Officers placed bets on her gender, falsely arrested her, and retaliated, provoking third ACLU-NJ suit against department
NEWARK - The ACLU-NJ today fileda lawsuit against the Newark Police Department in the case of Diana Taylor,a transgender Newark citizen tormented by officers who harassed her, falsely arrested her and threatened her safety. Filing its third lawsuit against the troubled department in as many years, the ACLU-NJ called for reforms of thedepartment.
"The police did more than arrest me that day - they took away my rights,my dignity and made me afraid to walk down the street,"
said Taylor. "I'm fighting for something that's easy to take for granted but impossible to live without - the freedom to be myself and tolive my life in peace. I had always thought the police were here to protect me,and I don't want to feel like I need protection from them instead."
The harassment began nearly a year ago, when officers approached Taylor on the afternoon of March 23, 2009. They steered their cruiser into her path, taunted her about her hair, and demanded she show them identification. She didn't have ID onher, but provided her legal name, Christopher Moore. "You're right; I owe you 10 dollars. It is a man,"
one officer told the other,apparently settling a bet between them about Taylor's gender.
The officers immediately began to torment her, calling her a "chick witha dick," "faggot" and other derogatory names and mocking her with questions about her sexuality as witnesses gathered. Though she had committed no crime, police took Taylor into custody in handcuffs to the precinct. Police searched crime databases hoping they could find grounds to justify arresting her, but her record was clean. Police continued to humiliate her throughout the arrest, including frisking her in a sexually intrusive manner. A lieutenant who had discovered the situation told officers to let Taylor go, but when she asked to file a complaint, the lieutenant dismissed her concerns, explaining the officers didn't mean her any harm.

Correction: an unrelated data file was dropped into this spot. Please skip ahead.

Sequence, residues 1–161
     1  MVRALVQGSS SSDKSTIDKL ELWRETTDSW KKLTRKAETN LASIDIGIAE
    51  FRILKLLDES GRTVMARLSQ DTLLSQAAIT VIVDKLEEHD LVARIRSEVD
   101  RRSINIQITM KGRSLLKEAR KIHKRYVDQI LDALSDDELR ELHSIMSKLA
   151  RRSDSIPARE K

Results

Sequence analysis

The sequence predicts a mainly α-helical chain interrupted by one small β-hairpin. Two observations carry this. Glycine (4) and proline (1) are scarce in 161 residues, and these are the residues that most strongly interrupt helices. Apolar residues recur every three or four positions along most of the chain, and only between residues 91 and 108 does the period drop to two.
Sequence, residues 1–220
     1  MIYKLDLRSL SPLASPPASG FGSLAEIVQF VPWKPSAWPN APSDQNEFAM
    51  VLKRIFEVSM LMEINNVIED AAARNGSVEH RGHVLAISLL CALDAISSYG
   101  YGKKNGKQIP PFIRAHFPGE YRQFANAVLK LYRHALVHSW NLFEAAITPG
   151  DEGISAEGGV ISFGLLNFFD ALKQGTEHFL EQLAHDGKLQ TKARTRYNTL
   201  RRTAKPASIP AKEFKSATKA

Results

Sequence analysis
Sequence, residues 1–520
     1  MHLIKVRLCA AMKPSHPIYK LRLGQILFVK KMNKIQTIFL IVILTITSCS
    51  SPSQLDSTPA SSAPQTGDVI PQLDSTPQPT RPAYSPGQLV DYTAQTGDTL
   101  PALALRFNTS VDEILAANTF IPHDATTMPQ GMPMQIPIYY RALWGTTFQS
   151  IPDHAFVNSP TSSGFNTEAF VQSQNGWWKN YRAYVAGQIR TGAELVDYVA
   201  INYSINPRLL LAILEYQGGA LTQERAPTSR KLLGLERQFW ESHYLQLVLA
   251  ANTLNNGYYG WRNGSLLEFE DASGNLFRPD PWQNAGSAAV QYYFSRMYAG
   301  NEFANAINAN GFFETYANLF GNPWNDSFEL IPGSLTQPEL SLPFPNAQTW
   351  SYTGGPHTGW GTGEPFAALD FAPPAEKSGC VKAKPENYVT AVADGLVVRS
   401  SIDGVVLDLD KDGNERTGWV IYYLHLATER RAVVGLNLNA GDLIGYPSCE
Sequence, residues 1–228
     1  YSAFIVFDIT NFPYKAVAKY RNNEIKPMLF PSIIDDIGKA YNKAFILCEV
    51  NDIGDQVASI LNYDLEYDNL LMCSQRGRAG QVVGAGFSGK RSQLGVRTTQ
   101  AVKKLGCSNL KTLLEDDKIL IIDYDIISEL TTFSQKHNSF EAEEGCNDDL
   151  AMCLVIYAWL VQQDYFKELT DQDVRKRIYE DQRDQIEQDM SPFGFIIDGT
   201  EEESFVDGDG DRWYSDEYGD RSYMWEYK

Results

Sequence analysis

The officers insisted on driving Taylor home, despite her protests that she lived only two blocks from the precinct and preferred to walk.
During the short ride, the officers threatened to unleash gang members living in her neighborhood to confront her if she reported the abuse.
Taylor refused to succumb to the intimidation, but it took weeks of trying and numerous phone calls to internal affairs to finally convince someone to take her complaint. Weeks after filing her complaint, however, she received a notice in the mail indicating that the police had cited her for "littering" and "disorderly conduct" - both ofwhich she fought successfully in municipal court.
"The police should serve as a safety net against discrimination and harassment, not engage in it," said Neil Mullin, an attorney with thefirm Smith Mullin representing Taylor on behalf of the ACLU-NJ.
"Diana Taylor deserves the dignity and the justice the law entitles her to, which is why the ACLU is fighting for her."
The case is captioned Diana Taylor v. Newark Police Department, filed in Essex County Superior Court. The complaint alleges police violated the New Jersey LawAgainst Discrimination by stopping Taylor from using public accommodations and retaliating against her when she asserted her rights; infringed on her constitutional rights to be free from unlawful searches; and broke laws against harassment and false arrest.
The lawsuit demands that Newark establish proper training, supervision and handling of complaints, and seeks damages for the unlawful actions taken by the police.
Seeking to reform the Newark Police Department, which the ACLU-NJ has sued twice before since 2007, the ACLU-NJ called for the department's leadership to discipline problematic officers, train officers comprehensively regarding sexual orientation discrimination, improve the department's shadowy internal affairs division, and, perhaps most importantly, enlist an independent monitor with authority to truly scrutinize the department.
"This is yet another incident of police abuse to arise from Newark's shortcomings in officer training and oversight," said ACLU-NJ Executive Director Deborah Jacobs. "When will Newark's leaders give police misconduct the attention and resources it deserves, what will it take to get there?"
In addition to Taylor, the ACLU-NJ currently represents clients in two other cases of abuse from the Newark Police Department. In June 2008, two young football players and their coach were abused in a traffic stop, and in 2007 a newspaper publisher was arrested until he turned over all copies of photographs taken for his publication, violating his free press rights. The ACLU aims to hold police departments accountable, and also has a long history representing police officers whose rights have been violated or who have tried to stop corruption as whistleblowers.
On Monday, February 22, 2010 the ACLU-NJ will host a "Know Your Rights When Stopped by Police" training for members of Newark's LGBT community from 6 - 8 p.m. at the Liberation in Truth Social Justice Center at 11 Halsey Street in Newark.
Read the DianaTaylor v. Newark Police Department complaint online.
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